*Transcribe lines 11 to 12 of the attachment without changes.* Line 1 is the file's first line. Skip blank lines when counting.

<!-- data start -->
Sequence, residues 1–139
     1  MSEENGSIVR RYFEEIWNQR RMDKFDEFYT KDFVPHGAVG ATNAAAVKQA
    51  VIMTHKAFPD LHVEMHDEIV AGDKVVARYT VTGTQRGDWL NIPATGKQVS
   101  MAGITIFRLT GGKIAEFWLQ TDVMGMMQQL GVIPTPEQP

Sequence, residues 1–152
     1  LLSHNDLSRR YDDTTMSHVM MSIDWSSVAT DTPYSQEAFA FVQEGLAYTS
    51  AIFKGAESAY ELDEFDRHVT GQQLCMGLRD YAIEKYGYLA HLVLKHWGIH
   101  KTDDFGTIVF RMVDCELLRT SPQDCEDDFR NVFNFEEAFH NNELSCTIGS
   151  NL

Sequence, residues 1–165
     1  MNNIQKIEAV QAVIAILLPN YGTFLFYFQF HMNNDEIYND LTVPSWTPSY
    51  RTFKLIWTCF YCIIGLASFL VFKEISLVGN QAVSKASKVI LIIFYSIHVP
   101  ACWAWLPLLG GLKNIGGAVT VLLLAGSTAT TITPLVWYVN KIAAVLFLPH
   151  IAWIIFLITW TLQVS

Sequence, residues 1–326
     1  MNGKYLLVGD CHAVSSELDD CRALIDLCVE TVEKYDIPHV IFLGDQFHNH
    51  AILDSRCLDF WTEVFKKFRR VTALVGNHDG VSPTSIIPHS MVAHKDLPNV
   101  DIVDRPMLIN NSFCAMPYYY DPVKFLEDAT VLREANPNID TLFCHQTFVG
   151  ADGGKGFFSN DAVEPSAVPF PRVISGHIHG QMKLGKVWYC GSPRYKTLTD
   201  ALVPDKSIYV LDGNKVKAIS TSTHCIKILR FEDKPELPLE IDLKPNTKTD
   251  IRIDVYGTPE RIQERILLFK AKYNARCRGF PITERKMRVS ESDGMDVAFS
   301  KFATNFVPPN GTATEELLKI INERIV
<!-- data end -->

     1  MNNIQKIEAV QAVIAILLPN YGTFLFYFQF HMNNDEIYND LTVPSWTPSY
    51  RTFKLIWTCF YCIIGLASFL VFKEISLVGN QAVSKASKVI LIIFYSIHVP